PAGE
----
Troubleshooting Wireless a Keyboard or Mouse
By Stephen Bucaro
In order to eliminate some of the cable tangle associated with PC's and allow operating
a keyboard and mouse as far as six feet from the PC, some people use a wireless keyboard
and mouse. A wireless input device such as a keyboard or mouse uses a built-in radio
transceiver to communicate with a similar transceiver plugged into a USB port on a PC.
Many wireless input devices use a 27 MHz frequency that has a range of about 6 feet.
FastRF is a wireless input technology that uses a 2.4 GHz frequency to transmit data 125
times per second making it operate as smooth as a cabled keyboard or mouse.
Wireless input devices pose several problems. One is the possible cancer causing affect
of having a high-frequency radio device in the palm of your hand. The other is that it's
easy for eaves droppers to pick up your keystrokes and steal your information and passwords.
Logitech's newer wireless keyboards have a security feature that uses 4000 possible
different digital security codes to prevent someone else from picking up your signal. Most
modern wireless keyboards and mouse use the 2.4 GHz Bluetooth standard. Bluetooth has
range of up to 30 feet and it encrypts the signal to provide the highest security.
Troubleshooting Wireless Input Devices
1. Resynchronize your device. Some devices have Reset or Connect button on the bottom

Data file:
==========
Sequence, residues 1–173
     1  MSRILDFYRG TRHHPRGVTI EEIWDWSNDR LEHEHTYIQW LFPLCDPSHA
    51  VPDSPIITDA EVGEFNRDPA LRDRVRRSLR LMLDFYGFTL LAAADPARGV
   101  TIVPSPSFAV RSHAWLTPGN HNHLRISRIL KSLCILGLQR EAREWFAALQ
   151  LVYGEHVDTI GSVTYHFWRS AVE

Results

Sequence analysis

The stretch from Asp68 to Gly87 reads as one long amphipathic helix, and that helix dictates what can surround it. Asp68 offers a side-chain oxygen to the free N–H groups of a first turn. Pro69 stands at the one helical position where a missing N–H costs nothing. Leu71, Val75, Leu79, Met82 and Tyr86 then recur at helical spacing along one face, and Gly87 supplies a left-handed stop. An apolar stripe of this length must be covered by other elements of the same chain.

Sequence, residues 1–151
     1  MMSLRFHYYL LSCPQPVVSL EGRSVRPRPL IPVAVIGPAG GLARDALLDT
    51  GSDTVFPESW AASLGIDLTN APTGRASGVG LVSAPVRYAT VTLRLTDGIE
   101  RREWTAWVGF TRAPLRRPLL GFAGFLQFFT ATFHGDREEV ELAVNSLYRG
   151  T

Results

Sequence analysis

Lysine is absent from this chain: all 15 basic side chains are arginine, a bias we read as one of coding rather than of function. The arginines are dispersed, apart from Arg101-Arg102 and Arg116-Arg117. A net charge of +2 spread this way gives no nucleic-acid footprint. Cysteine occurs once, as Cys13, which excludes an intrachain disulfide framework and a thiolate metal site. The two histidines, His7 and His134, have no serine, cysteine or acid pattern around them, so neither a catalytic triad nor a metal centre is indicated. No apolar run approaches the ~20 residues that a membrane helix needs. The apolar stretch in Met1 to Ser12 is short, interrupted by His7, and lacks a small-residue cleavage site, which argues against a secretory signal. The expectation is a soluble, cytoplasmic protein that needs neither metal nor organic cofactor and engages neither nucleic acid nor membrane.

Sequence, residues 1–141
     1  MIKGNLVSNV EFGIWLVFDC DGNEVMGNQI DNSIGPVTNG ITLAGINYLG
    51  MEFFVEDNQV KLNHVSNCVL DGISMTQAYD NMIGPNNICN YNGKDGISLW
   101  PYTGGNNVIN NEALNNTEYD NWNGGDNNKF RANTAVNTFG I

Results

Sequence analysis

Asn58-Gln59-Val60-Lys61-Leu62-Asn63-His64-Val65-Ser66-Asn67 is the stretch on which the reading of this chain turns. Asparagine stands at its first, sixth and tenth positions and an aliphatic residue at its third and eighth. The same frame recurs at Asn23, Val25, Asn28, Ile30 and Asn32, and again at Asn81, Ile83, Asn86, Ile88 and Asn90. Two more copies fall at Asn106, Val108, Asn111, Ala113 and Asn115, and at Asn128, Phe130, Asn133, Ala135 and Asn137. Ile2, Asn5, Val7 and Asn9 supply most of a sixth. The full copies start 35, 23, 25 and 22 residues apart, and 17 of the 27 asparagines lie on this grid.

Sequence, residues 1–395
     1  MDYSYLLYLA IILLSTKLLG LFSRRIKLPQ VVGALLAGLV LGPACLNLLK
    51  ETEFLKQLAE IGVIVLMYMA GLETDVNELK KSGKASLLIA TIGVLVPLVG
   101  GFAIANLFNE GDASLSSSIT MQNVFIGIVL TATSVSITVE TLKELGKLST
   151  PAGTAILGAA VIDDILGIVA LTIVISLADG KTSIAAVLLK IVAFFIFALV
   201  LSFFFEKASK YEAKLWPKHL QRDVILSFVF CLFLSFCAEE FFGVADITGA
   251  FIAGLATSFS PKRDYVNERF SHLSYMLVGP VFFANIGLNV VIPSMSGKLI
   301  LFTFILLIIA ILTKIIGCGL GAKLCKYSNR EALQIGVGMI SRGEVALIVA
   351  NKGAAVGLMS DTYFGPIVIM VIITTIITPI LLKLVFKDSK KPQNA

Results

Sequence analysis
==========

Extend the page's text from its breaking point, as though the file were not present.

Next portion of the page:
of the device. Also try removing and reinserting the batteries.
2. Make sure transceiver is properly installed to USB port. If your device is already
connected to a USB port on the computer, try to connect the device to a different USB port
if one is available.
3. Make sure device's battery is good. Install a fresh set of batteries in the device.
4. Check for interference. Electronic devices such as microwaves, cell phones, radios,
fans or fluorescent lights can interfere with wireless devices. Other wireless devices
like wireless routers and wireless keyboard or mouse on nearby PC can also interfere.
Change the location of the PC in relation to these devices.
5. A recent automatic update may be incompatible with the device. Download and install
the latest software or driver from the device manufacturer's website.
6. Try the device on a different PC. If the device works on another PC, the problem is
with the first PC. If the device does not work on another PC, it may be a defective device.
More Windows Troubleshooting Articles:
• Hard Drive Does Not Boot
• How to Diagnose Windows Blue Screen of Death (BSOD)
• Troubleshooting a Dead Computer
• Five Tips for Troubleshooting and Fixing DLL Errors
• How to Spot a Failing Hard Drive
• The Blue Screen of Death (BSOD)
• What Should be in a PC Technician?s Tool Kit?
• How to Fix "ICACLS" Error
• How to Fix "USB Device Not Recognized"
• Troubleshoot With Reliability Monitor